The all first striking thing we see is that.— 14witnessed) unconditionally admired by competent experts. all with suckling at her breast. side-walls. children round about And opposite to them. to the to advienne que pourra". The colossal pyramidic roof. and flanked by heavy holds in the from of the garuda-ndga ornament we are going to know by-and-by. us. 1 among whom know liigii-placed engineer officers. because blamed in 1901 still by means of some non-published the latter. an honest man. Even . to the we see an Indian. 1 already explained and writings. But his work became unjustly objected by the the philological president of a newly appointed Barabu- dur committee pitiable he saw suddenly placed above him (van de Kamer). and many playing right. the two interesting sculptures had remained. had partly disappeared. but both the children and their parents miss everything that might self have spoken of a buddhistic character. This was also the case with the 14 large stone steps leading from without to the same porch. because of loyal my being competent and obliged to do so ancient device: "Fais ce que dots. and the manner in which the former official induced him retire to ask for exemption from the labour dear to him. characterised as a not buddhistic one. the greater part at least. Even me this deed became a source of misunderstanding and grief. All the children wear a crescent of the moon on the hind part of their heads. — not buddhistic — prince with much more children in such another garden. and is therefore Buddhism doesn't know any caste. there are Dutch scholars be Buddha's father. and fortunately. and to from Government's service some years afterwards. in contravention to almost other buddhistic buildings. and above as all. The prince him- wears a three stringed cord of a caste (upavtta). and part of the front wall above and north of the entrance to the inner-room were greaty lost. opposite I Northwest. subordinate at that time. the sun-rise. this who suppose this woman Buddha's mother.trees. the frontage of these ruins have not been placed to opposite the to the East. but strange enough. prince to professor Nevertheless. to the left. When I first visited this temple in 1875 saw that the porch which had been Only its built before this frontage. could not defence himself. The two princess in sculptures a before the entrance show a her. a garden of fruit.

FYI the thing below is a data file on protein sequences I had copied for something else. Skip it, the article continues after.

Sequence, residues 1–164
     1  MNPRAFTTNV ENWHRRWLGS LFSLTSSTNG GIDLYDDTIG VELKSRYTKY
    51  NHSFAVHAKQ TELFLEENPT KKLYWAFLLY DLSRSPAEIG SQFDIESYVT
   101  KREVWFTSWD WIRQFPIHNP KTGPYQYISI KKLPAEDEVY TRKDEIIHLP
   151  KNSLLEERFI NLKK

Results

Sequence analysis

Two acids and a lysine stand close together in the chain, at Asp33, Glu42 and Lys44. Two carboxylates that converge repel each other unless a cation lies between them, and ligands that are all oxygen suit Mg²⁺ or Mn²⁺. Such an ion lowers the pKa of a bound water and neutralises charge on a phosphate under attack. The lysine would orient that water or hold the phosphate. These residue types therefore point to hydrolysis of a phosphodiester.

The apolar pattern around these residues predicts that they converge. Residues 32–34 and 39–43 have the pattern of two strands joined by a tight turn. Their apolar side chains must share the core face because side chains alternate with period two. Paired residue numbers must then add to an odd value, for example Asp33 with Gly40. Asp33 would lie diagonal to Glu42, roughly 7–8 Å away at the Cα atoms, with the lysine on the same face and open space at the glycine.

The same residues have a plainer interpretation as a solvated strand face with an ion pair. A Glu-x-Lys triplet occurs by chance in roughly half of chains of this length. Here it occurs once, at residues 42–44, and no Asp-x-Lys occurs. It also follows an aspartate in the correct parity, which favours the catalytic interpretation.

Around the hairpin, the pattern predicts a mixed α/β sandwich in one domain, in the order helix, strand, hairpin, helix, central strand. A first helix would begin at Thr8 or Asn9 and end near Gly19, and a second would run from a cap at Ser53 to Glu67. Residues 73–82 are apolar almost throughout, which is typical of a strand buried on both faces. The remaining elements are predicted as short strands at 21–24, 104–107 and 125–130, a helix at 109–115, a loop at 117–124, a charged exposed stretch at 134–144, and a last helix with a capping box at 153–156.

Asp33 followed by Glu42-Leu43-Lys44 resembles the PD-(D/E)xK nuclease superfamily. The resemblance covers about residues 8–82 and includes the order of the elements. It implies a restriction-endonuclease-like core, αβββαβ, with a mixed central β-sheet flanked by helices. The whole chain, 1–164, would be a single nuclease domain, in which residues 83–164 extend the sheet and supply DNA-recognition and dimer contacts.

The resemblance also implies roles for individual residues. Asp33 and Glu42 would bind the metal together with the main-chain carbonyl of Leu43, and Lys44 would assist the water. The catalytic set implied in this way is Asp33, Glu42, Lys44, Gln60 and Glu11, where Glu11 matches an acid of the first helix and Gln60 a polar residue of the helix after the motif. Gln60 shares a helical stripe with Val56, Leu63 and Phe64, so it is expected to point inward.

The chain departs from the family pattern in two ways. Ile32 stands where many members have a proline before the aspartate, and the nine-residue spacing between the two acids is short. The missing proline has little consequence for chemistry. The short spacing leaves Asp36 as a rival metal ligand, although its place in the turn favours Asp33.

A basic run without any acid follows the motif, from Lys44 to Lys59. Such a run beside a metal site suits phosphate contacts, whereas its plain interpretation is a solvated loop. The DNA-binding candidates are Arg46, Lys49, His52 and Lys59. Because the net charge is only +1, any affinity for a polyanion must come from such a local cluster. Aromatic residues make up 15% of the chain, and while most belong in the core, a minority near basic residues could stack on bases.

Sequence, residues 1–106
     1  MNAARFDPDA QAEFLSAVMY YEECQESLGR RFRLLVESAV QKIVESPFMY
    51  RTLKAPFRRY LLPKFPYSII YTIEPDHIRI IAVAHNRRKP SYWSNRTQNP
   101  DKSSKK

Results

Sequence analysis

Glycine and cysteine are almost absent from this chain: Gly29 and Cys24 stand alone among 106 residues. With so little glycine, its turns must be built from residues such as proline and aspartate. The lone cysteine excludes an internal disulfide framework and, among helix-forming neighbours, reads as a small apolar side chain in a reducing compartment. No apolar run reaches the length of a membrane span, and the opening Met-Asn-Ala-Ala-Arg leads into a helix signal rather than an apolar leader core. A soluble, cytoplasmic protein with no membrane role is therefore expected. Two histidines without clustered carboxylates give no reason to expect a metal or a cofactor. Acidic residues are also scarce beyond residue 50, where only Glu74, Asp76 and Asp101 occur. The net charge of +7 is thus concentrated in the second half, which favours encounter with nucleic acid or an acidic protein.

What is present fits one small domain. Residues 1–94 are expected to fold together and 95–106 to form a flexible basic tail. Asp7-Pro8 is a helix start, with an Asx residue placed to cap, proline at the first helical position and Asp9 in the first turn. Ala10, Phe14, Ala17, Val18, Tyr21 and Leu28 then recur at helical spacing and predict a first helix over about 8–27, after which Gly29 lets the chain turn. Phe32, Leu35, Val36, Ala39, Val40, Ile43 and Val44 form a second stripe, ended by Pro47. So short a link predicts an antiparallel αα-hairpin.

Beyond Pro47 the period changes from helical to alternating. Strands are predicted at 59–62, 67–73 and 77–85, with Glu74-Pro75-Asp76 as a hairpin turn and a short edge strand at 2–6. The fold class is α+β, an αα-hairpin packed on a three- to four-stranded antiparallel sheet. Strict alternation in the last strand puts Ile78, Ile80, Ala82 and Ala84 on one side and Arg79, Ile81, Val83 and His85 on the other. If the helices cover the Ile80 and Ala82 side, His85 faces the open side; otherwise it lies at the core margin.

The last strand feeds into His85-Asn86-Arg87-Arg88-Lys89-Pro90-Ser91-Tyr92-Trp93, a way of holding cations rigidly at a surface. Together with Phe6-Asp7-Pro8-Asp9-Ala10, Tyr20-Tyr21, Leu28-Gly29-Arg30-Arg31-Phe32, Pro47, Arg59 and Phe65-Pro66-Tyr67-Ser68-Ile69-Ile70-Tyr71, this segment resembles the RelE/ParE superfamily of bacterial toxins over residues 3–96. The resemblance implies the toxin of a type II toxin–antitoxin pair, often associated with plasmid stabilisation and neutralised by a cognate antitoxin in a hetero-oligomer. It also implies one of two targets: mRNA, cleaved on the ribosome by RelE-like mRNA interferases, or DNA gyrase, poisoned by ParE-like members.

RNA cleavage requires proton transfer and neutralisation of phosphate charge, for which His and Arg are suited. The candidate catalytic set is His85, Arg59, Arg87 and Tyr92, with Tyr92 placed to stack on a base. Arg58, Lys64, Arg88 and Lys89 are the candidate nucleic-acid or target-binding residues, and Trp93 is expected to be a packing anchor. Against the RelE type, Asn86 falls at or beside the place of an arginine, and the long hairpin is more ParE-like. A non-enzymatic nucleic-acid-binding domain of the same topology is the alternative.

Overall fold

occu- south-easterly back-wall is pied by a heavy altar-shaped throne not yet long ago newly built in And on however. The space before the unadorned an exceedingly simple style. this there posture simply means "blessing. but only the three-stringed upavita which characterises him as not buddhistic. And though this prince also has his seat on an equally richly ornamented throne. which goes under the princely garb over and the small Buddha image in his crown in characterise him as a Buddhist. and which come back again having first given a superficial description of the gigantic images we for see in this temple. Chula Long/corn." To prince the right of this Buddha nearly 4 yards high. or disk of on the back part k . standard a this throne a colossal as Buddha image. the followers of the northern church. which was used perhaps. as fire-wood. The two kings wear the prabha. church where Hinaydnism of the southern which doesn't know any Dhyani-Buddha. and elephants. light. by no means Veth wrongly wrote in his nude one. and that contradistinction to the other prince we see opposite him. to the left of the Buddha. : so professor work ''Java. and then he doesn't wear a monk's hood. The monk's hood. sits more than some 70 years ago. exists. remained inexplicable.— 15 — Kern wrote to nobody else but me that this woman Maya with her son in king of with her suckhiig should be Liimbini garden. the bottom his left shoulder and breast. lions. two dangling and resting on a small cushion with his two hands before his breast in such a posture {mudrd)a. yet I we don't see any image in his crown. Let us therefore enter through the opened iron railing now replacing the wooden inner door.s the Mahayanists. and ornamented with lotus-cushions and of feet cushions. The hidian prince however." but this is dressed in the cowl of the his soulegs thern Buddhists uncovering his right shoulder and arm . we see a buddhistic seated on a throne abundantly decorated with nagas. In Ceylon and in Farther however. generally (not always) their five of the "Big Carriage" the first India still give to of Dhydni-Buddhas. gave all me in 1896 and I'll far better explanation which solved after difficulties. On this groud professor Kern thought this Indian prince as inex- plicable as the other one we saw in the porch before the entrance. The another to buddhistic Siam.